Dream BIG Little One.


As you all know Anthony has a clotting disorder called hemophilia. Don’t be sucked into the myths though, each paper cut does not look like Texas Chainsaw Massacre, he just bleeds longer than your norm. I treat him like a normal little boy; he came with no bubble wrap for the random spurts of jumping off his bed to see if he can land on the dresser. >.< Recently he’s started thinking about what he wants to be when he grows up. For the most part these interests include becoming inanimate objects, such as; a train (a steamy not a diesel), a monster truck, a motor cycle..you get the picture. He also thinks he might enjoy being a firefighter. My response to this? Go for it! Would I prefer he were a doctor? Yes! But how could I ever tell someone they can’t follow their dreams ‘just because.’ Who am I to say he can’t be a firefighter? I figure this is all pretty simple, instead of stressing I’m just going to let him keep dreaming as long as he can and when he gets older either he’ll know his limits enough to stay away from something too dangerous for him or there will be a cure by then. And between now and then if he decides he’s going to play football in highschool I’ll go buy a foam finger and hope like any other mom he doesn’t break his arm.

Bleeding to the Elbow.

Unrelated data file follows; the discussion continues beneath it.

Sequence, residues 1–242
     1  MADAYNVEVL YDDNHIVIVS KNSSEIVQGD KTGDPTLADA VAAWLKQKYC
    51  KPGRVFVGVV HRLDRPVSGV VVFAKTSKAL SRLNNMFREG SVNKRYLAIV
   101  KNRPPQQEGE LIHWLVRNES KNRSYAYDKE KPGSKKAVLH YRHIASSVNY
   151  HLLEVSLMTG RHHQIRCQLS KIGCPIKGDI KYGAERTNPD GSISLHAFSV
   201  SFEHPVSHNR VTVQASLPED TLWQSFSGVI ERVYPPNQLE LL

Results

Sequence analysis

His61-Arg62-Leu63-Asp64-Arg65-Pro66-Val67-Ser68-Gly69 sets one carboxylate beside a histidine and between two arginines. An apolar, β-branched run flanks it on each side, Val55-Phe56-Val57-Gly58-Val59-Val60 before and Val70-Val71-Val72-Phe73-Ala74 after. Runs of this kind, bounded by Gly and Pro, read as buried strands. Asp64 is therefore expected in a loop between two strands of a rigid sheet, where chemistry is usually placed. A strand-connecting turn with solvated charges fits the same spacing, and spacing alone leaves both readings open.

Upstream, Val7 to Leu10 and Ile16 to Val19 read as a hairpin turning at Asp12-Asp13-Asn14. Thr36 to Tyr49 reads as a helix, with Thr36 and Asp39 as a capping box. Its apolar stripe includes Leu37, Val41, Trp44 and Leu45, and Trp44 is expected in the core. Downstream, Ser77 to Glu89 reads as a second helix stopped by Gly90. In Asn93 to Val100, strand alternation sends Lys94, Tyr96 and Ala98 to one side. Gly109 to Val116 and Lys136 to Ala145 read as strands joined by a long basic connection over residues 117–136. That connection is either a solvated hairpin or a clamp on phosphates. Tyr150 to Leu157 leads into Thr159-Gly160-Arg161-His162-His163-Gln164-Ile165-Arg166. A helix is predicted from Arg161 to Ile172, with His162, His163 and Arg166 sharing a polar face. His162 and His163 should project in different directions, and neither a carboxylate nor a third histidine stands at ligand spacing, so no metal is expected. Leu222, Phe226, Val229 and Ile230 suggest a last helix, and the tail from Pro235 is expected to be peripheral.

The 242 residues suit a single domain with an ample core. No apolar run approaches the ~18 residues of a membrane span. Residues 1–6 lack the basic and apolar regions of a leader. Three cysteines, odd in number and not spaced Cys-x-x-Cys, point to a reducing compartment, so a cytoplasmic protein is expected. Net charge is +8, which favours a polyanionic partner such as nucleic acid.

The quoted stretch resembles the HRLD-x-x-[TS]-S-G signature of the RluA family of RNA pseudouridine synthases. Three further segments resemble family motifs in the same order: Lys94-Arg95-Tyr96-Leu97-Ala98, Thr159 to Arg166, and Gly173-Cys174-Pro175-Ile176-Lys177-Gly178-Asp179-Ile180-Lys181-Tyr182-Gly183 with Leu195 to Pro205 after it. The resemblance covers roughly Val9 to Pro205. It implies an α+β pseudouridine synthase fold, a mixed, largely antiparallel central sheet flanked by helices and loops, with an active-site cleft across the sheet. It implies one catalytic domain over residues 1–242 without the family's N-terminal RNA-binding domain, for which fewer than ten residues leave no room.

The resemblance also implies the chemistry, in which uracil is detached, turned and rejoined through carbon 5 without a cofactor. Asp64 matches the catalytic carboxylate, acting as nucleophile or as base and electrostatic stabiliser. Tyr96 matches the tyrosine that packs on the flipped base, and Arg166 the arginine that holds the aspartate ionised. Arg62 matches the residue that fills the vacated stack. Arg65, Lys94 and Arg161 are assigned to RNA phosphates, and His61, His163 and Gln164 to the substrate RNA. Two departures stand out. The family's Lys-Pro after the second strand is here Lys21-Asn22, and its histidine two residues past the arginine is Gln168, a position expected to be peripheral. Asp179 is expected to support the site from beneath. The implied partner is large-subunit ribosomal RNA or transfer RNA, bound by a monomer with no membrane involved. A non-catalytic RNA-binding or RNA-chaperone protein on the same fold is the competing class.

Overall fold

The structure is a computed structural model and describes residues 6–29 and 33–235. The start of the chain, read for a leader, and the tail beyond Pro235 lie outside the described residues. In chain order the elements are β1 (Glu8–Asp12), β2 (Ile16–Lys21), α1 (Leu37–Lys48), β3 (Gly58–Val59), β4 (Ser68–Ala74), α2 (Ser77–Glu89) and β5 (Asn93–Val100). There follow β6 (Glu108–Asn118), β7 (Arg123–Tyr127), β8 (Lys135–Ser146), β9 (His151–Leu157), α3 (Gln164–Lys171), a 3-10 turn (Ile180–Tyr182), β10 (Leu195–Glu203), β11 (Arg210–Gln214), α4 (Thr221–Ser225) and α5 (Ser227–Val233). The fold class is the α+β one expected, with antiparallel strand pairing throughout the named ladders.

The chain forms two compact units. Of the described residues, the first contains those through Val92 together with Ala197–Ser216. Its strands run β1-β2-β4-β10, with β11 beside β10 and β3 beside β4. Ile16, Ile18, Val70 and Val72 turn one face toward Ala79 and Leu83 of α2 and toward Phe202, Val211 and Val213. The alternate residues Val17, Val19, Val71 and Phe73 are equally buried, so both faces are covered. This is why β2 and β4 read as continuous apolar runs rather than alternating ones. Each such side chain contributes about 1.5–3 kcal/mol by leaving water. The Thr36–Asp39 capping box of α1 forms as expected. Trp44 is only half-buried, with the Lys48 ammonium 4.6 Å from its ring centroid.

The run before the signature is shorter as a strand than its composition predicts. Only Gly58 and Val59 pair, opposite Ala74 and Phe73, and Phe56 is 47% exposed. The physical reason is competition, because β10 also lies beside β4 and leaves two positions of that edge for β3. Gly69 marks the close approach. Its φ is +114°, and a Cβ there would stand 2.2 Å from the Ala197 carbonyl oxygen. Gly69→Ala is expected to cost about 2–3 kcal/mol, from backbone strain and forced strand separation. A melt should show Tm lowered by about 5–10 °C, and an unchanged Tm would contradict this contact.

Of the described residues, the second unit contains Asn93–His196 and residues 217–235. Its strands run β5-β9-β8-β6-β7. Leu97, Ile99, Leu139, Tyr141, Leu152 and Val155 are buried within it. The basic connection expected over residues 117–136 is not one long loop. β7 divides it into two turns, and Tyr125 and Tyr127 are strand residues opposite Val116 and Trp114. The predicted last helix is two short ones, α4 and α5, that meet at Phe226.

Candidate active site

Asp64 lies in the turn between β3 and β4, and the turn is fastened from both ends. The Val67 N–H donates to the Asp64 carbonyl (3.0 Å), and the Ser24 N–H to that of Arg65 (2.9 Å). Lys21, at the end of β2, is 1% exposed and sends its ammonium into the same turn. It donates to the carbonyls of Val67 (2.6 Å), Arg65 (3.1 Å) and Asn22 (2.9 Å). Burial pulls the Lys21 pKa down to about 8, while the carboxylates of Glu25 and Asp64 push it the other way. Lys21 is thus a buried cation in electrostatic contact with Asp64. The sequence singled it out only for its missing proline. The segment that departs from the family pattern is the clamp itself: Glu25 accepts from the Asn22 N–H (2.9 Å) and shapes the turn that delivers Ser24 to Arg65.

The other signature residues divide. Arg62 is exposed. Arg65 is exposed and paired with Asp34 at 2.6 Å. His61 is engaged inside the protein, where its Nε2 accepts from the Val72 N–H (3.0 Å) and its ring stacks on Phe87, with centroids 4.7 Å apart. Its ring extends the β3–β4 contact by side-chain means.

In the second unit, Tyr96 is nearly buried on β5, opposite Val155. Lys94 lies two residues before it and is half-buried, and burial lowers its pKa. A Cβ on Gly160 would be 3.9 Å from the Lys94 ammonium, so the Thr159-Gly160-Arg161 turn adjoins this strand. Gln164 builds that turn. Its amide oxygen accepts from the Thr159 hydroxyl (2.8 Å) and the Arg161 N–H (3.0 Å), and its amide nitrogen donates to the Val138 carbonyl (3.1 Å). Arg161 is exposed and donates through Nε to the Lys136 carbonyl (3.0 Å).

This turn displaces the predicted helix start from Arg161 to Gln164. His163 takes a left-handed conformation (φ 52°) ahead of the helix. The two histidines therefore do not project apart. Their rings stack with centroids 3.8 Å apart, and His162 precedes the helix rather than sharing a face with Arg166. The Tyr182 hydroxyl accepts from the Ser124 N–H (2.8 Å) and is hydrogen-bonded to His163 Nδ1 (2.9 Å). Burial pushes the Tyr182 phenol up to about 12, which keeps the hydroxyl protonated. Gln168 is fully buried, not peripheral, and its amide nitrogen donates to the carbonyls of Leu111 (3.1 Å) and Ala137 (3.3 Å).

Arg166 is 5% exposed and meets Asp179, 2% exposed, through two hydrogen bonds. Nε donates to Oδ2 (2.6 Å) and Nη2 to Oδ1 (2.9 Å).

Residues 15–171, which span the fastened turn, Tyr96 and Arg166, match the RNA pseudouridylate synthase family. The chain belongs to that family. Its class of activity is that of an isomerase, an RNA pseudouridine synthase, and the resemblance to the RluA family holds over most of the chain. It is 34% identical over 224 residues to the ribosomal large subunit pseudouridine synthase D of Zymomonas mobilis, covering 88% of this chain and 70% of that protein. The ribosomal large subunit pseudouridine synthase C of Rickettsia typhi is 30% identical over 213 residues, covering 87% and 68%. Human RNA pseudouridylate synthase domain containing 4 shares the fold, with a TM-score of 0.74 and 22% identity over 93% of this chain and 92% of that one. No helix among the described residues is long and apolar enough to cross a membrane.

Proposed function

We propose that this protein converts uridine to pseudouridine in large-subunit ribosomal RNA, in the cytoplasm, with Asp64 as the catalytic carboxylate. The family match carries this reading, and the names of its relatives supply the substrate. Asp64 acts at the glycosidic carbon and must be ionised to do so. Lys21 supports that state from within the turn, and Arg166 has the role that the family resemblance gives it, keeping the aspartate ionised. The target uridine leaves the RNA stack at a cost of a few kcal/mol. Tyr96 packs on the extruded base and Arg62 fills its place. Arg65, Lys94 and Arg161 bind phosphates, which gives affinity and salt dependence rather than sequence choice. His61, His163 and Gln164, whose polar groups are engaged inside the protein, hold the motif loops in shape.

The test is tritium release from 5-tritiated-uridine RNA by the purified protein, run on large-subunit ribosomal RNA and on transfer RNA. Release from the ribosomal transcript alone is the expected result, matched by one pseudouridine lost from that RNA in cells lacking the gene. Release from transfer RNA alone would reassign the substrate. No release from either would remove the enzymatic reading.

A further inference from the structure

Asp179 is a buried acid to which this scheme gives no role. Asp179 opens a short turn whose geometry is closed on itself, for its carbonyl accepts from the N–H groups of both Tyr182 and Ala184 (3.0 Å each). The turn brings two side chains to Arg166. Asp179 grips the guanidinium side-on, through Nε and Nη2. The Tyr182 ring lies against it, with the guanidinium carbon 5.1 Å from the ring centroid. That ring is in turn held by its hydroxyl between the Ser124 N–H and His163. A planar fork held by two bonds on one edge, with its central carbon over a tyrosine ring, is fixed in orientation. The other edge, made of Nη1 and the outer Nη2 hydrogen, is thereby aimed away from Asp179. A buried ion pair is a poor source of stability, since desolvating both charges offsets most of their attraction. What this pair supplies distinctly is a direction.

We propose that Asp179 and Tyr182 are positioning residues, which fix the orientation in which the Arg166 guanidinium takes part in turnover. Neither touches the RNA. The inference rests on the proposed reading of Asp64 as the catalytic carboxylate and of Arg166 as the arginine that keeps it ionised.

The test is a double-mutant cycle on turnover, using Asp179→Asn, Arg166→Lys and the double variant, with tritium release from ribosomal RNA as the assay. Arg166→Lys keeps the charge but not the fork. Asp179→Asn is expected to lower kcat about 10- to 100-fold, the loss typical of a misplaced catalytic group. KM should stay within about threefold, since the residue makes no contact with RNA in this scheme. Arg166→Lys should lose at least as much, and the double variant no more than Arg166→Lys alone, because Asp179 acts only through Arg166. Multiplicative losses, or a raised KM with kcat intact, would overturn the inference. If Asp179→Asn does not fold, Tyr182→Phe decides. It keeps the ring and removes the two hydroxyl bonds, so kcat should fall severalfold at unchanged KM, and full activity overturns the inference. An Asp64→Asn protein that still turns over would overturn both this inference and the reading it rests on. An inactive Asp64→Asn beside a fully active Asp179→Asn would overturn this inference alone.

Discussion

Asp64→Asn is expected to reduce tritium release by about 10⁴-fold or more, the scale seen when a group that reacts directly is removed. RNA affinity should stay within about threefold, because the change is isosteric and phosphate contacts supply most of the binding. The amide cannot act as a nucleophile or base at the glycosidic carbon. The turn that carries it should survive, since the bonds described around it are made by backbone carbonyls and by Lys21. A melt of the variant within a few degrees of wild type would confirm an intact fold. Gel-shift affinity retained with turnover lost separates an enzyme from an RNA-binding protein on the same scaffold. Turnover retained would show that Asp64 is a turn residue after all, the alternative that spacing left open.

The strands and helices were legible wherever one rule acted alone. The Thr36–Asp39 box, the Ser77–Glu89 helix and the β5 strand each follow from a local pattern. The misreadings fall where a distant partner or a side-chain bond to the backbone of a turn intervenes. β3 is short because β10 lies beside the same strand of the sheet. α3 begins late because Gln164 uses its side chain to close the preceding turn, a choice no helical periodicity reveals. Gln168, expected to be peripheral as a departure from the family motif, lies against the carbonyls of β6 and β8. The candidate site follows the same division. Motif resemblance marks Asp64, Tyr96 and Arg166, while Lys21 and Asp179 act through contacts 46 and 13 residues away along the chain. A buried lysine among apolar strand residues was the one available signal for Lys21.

This week has been a rough one. Anthony had his second ever joint bleed. The first time was nearly 2 years ago and he bled into his ankle, no big deal 8 hour ER stay on Halloween and he was all fixed up. Sunday I picked him up from a cousin’s house and he was fine, playing, begging to stay. After the 2 hour drive however he was in tears and unable to move his arm completely. Forget about letting me touch it to measure or even check for bruising. After a lot of crying from him and some frustration from me I was able to get a look and see nothing. No bruises and it didn’t look swollen to me, but you can’t really tell these things without measuring. I spoke with a oncall hematologist about his arm and was told to ice it, give him acetaminophen and if he was still hurting in an hour and a half call back on my way to the ER. We were fine for the rest of the night after his pain reliever kicked in and I didn’t worry about it. The next morning however he was distraught again over his arm and unwilling to even bend it to get dressed. This time I spoke to a nurse on the phone, explained the situation and took measurements. Turned out that one elbow was a full inch and a half bigger than the other. definitely a joint bleed. And so began the phone calls. Do we take him to the doctor? Can we get a home health nurse to our house to infuse him? Do we need to go to the ER? From 9am until 3pm I waited while my health care professionals called each other, made arrangements and finally decided they couldn’t help me and that it was time to go to the ER. This was our 15th ER visit since Anthony was born for a factor infusion. I can’t believe that the numbers have gotten so high in just 3 years but there it is 15 infusions in the ER and probably more than that done in a clinic. Tuesday morning the phone calls began again. The measuring began again. The searching for a solution began again. ER? Home health nurse? Clinic? His elbows still had an inch and a half difference in size and he couldn’t bend his right arm and so he still needed factor again. At nearly 6pm on Tuesday night Anthony had his first infusion done in the home by a nurse. I haven’t seen him scream like that in a long time and I have certainly never earned that look of betrayal from him before. We came on to his home turf and violated his safe place with needles and medicine. He wanted nothing to do with me when we were done. I came to him, sat him on my lap, told him how proud I was to have such a strong and brave boy and he told me to “Leave me alone right now.” In those moments he looked a bit older. His seriousness, not the words he spoke, but the look of someone who is just tired of their lot in life was like a knife to the heart for me. And the nurse said to me, “Some homes I cry when I leave. This is not one. I won’t cry when I leave here today.” I cried though.